Real Alternatives: The Pennsylvania Connection
Texas' "abortion alternative" has roots in the Keystone State
Interestingly, Pennsylvania state Rep. Dan Frankel, D-Pittsburgh, said he's not surprised RA did not respond to media inquiries. Unlike Williams' rider, which is at this point still a pilot-sized program, in Pennsylvania the "abortion alternatives" program is funded dollar-for-dollar with all other family-planning services. That means that RA splits a little more than $10 million in annual state funding with women's health-care providers. Yet, as in Texas, RA provides no medical services, only counseling services that promote childbirth.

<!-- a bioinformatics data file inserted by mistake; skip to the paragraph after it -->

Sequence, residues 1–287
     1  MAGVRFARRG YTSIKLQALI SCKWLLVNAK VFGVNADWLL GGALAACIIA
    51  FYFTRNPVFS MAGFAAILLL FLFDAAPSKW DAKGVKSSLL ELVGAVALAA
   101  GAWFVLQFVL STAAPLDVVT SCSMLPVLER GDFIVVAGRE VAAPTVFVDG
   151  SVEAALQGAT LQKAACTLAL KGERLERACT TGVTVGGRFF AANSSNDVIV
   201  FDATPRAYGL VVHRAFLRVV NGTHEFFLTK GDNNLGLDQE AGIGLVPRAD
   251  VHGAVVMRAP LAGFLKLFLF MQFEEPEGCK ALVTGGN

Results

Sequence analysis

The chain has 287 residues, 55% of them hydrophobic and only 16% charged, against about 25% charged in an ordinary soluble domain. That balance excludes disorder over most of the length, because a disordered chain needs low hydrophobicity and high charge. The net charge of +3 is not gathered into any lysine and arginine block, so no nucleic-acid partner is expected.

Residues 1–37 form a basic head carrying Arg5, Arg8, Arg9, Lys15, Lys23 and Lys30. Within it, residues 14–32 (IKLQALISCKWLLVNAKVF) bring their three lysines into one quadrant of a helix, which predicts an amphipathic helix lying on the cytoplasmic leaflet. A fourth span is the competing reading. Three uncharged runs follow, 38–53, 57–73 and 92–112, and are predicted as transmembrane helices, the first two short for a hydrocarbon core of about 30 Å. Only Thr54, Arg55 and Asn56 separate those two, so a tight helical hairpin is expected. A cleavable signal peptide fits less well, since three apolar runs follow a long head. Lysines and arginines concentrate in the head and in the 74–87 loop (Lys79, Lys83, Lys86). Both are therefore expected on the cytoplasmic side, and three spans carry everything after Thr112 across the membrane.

"I don't support it," Frankel said during a recent phone interview. "I say this on the [Pennsylvania House] floor all the time: It's absurd, and the money should be going to give women health care." Frankel describes the abortion alternatives program as nothing more than a thinly veiled attempt to defund Planned Parenthood, merely because the group, which provides thousands of women with basic, preventative health care, also champions reproductive choice. And just as in Texas, says Frankel, how groups like RA actually spend the millions they are allotted without providing any medical care is something of a mystery.
"How they're even spending that kind of money on counseling people, I don't know," Frankel said. It appears that TPCN may be taking after its mentor RA in more ways than one. According to Frankel, even though he's a state lawmaker, getting information out of RA has been challenging. "There's no real public accountability," he says. "No, not at all."